I wish you great health and thank you for doing this interview.
It’s been a pleasure. Maybe we’ll meet the next time you’re in London.
That would be great.
Dragman is available as of April 7, 2020. For more details, visit the family of books at Macmillan Publishers right here.
Dragman by Steven Appleby. Metropolitan Books, Henry Holt and Company, New York, 2020. 336 pages, $28.00.
Especially today, as we continue to make huge strides, while still sometimes stumbling one step forward with one step back, it is healthy for everyone to acknowledge gender fluidity as being as natural as breathing. I’ll share this. When I was very young, I fondly recall dressing in drag a handful of times. This was back in the ’80s during my art school days. It was fun, thrilling, and even liberating. My girlfriend at the time thought I looked cuter in lipstick and pumps than she did. Anyway, life moved on and the occasion for indulging in drag became less available but one never knows. I’ve always fancied interviewing Simon Hanselmann with both of us all dolled up. We all need to loosen up, open up, and acknowledge nothing is ever really totally cut and dry. Even a conservative darling like Rudy Giuliani had a good time in drag, and this was as recently as 2000. So, with that in mind, it’s a joy and a privilege to introduce to you a new graphic novel inspired by cartoonist Steven Appleby’s own personal journey, Dragman, a story about a superhero who can fly when he wears women’s clothes.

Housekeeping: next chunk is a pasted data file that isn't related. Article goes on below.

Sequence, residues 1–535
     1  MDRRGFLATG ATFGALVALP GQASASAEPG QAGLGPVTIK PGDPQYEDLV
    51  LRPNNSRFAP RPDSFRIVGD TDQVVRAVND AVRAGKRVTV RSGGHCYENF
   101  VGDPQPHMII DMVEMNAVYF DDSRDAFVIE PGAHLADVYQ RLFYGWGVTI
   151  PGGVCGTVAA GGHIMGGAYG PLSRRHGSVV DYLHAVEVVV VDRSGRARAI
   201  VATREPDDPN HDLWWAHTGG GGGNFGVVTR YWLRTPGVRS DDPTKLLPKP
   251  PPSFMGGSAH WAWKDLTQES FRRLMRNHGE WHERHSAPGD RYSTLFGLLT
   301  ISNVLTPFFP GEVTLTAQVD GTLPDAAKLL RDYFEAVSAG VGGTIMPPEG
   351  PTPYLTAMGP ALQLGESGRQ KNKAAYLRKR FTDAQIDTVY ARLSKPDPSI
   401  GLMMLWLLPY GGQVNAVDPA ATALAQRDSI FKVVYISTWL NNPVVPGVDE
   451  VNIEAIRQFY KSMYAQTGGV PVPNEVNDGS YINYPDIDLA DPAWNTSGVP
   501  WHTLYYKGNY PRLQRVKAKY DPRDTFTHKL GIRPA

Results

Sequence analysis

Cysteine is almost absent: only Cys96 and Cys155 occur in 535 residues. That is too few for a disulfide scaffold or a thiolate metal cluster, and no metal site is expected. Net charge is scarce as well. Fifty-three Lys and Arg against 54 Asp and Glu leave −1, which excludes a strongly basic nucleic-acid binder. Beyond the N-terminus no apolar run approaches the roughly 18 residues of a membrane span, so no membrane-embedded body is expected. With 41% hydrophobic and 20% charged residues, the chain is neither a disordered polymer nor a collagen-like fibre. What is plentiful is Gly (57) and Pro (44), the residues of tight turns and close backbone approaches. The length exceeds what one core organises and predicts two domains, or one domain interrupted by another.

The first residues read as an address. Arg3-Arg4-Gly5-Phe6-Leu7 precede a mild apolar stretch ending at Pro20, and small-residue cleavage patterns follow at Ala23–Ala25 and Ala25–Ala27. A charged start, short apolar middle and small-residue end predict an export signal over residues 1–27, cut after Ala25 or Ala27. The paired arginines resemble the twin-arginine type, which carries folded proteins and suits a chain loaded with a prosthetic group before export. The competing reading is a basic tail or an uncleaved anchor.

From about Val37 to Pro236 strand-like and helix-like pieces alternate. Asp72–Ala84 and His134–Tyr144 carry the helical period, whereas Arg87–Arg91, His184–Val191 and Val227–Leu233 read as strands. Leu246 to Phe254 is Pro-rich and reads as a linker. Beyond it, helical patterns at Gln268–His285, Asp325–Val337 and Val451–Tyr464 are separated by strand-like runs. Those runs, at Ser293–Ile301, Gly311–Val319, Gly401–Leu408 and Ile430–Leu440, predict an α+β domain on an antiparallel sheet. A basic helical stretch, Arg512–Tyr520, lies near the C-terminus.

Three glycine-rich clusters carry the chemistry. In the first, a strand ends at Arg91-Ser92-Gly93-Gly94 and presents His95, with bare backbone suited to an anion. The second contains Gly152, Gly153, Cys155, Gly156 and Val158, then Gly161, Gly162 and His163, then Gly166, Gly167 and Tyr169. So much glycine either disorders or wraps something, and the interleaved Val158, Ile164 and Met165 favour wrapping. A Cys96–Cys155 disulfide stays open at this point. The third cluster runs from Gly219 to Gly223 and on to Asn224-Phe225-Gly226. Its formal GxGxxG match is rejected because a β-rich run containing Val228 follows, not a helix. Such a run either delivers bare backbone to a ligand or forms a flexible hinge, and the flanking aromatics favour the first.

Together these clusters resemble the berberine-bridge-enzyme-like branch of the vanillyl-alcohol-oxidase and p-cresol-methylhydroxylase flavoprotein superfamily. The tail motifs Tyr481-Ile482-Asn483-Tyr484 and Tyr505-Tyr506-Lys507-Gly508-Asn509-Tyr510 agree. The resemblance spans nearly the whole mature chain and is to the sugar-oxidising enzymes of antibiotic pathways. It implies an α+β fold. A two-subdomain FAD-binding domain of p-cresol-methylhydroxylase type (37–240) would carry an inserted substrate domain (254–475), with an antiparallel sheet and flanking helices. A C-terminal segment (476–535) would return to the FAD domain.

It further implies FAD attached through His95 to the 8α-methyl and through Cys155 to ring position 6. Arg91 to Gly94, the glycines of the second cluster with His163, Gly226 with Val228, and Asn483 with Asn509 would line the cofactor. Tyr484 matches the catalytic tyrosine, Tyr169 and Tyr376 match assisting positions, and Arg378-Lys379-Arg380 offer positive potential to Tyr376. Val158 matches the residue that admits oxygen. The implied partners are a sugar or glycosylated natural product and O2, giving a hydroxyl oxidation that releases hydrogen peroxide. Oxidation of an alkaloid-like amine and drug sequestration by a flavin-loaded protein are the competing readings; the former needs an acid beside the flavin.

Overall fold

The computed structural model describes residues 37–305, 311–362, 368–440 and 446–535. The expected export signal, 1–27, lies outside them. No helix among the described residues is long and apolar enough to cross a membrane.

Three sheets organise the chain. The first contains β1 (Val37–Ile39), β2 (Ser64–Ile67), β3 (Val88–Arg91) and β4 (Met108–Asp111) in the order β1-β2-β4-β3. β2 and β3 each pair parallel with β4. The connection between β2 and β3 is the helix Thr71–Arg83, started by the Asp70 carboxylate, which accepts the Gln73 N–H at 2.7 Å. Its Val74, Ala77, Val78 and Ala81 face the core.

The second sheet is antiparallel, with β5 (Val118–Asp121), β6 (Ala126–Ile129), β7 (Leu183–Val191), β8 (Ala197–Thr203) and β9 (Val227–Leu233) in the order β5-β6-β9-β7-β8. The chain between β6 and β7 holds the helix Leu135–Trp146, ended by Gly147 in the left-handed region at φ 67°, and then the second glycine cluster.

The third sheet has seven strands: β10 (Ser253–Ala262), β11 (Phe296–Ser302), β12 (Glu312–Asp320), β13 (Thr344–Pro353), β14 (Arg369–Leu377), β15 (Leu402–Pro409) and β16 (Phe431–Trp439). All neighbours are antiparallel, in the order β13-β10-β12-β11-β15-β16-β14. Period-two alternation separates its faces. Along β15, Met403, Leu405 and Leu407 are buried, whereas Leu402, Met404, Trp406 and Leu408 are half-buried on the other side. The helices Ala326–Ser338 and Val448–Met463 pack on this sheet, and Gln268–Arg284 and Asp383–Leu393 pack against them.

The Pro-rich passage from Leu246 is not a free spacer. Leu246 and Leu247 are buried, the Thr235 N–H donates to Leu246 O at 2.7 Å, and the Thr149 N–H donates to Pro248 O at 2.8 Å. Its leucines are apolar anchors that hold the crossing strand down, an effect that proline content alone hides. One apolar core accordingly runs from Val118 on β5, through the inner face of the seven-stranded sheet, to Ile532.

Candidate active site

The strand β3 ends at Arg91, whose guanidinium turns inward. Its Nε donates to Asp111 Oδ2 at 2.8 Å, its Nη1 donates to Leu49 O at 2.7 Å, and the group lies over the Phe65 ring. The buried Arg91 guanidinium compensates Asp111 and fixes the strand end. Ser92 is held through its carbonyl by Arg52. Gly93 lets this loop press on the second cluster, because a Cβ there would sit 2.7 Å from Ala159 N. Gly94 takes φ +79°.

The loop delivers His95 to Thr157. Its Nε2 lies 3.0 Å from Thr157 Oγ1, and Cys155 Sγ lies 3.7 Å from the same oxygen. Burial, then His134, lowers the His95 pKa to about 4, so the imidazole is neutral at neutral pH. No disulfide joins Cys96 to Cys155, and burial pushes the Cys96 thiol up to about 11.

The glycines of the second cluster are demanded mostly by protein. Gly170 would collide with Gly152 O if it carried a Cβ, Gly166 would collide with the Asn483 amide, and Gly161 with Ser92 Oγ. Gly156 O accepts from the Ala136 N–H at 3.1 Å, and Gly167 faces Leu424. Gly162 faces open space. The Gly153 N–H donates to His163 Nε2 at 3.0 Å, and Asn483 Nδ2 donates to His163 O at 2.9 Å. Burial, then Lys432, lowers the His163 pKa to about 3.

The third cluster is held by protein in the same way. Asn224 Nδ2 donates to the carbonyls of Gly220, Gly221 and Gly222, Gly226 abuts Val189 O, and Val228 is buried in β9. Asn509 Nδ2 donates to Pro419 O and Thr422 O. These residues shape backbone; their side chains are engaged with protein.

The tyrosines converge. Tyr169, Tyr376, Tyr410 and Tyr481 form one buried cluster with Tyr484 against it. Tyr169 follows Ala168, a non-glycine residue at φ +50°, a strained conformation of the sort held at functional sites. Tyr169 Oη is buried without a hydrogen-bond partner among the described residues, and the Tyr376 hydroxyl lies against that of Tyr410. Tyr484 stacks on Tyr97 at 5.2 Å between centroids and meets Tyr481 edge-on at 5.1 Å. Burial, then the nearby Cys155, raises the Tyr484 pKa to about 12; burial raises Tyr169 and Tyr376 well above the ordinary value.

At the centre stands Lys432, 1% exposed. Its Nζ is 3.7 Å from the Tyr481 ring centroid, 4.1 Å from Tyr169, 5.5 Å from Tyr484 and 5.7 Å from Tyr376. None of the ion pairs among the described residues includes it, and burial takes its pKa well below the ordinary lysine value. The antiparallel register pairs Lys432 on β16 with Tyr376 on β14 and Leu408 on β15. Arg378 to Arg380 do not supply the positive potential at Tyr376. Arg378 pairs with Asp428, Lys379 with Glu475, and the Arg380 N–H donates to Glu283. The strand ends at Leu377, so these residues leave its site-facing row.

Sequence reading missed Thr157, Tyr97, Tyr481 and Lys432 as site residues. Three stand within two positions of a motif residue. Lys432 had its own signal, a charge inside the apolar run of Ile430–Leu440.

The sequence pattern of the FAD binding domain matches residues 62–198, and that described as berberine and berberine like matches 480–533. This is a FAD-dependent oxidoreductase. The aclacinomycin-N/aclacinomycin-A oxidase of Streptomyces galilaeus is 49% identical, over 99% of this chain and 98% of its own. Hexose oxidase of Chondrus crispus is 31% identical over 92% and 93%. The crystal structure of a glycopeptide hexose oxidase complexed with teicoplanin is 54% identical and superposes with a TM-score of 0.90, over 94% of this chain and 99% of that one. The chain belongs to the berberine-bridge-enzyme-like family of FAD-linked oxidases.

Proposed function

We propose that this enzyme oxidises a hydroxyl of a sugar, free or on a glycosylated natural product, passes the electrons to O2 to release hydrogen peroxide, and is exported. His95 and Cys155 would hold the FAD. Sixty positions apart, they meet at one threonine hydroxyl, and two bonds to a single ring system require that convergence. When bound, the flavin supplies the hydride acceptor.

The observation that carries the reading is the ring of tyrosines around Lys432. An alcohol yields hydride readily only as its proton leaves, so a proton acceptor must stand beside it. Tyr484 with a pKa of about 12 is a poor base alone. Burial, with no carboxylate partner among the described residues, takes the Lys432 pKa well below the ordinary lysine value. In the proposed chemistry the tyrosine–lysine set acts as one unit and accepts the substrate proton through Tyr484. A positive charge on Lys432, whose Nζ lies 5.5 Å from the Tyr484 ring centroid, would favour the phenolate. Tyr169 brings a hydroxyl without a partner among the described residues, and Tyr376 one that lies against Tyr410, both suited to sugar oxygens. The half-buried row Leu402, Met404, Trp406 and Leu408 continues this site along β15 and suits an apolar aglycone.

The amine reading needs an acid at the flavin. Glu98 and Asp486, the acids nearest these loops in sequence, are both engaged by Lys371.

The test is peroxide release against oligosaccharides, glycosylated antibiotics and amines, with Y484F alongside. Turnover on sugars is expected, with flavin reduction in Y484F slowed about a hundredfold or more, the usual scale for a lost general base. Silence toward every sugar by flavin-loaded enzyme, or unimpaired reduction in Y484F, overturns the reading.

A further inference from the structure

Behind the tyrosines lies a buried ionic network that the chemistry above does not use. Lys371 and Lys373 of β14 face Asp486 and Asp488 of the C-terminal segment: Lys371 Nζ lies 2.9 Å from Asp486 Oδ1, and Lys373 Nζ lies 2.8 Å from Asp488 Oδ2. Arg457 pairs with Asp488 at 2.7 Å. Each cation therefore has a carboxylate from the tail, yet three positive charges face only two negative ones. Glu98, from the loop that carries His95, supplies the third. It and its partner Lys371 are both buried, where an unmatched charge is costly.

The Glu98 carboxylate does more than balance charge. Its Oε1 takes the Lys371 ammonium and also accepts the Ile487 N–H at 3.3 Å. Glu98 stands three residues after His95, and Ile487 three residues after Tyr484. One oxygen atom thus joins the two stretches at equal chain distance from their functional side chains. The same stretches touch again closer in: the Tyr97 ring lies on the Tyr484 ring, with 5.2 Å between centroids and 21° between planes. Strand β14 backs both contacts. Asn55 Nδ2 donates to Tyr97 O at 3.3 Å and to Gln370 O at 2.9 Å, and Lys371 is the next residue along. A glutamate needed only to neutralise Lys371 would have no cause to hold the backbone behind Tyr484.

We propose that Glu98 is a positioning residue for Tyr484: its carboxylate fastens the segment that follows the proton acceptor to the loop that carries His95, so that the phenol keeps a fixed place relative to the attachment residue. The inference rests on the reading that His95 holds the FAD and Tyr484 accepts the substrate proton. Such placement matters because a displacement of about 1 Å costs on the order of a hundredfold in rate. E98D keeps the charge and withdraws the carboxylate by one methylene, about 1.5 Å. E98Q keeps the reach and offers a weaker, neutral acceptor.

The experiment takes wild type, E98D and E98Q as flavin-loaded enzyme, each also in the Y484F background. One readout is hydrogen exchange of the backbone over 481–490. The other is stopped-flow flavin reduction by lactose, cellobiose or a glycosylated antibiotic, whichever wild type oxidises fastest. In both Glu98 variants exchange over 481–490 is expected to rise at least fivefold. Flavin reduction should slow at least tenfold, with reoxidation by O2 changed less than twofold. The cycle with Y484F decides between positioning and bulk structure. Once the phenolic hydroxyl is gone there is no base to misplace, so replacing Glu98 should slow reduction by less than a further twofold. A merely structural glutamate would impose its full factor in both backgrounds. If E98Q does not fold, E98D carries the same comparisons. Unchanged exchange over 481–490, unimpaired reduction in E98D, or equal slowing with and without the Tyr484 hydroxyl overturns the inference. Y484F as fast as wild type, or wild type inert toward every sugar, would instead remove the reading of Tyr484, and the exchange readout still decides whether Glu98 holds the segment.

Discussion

Dragman on the case!
Now, Steven Appleby is a beloved British cartoonist, right up there with other greats like Posy Simmonds and Quentin Blake. I had quite a nice time, by the way, viewing the work of Simmonds and Blake last year at the House of Illustration in London. I’m an artist-cartoonist myself so that visit, for me, is equal to visiting Big Ben for someone else. I’d love to view Appleby originals sometime too, perhaps on a future visit. I’m not going to scrutinize the work in quite the same way as I would standing before a Rembrandt but it’s not too different either. I’m still gazing and pondering the energy. It’s that distinctive line, with its skittering quality, that is so appealing. In the case of Appleby, a cartoonist auteur, we can marvel over how the words seem to dance right along with the images. If Appleby collaborated with a writer, to be sure, we’d see a similar play too. That said, the auteur has a distinct advantage of owning the whole vision. So, for Appley, for all of us, this graphic novel provides a full-blown vision. The reader gets to enjoy a madcap adventure, all the time savoring the journey for its own sake!
Clark Kent, meet August Crimp.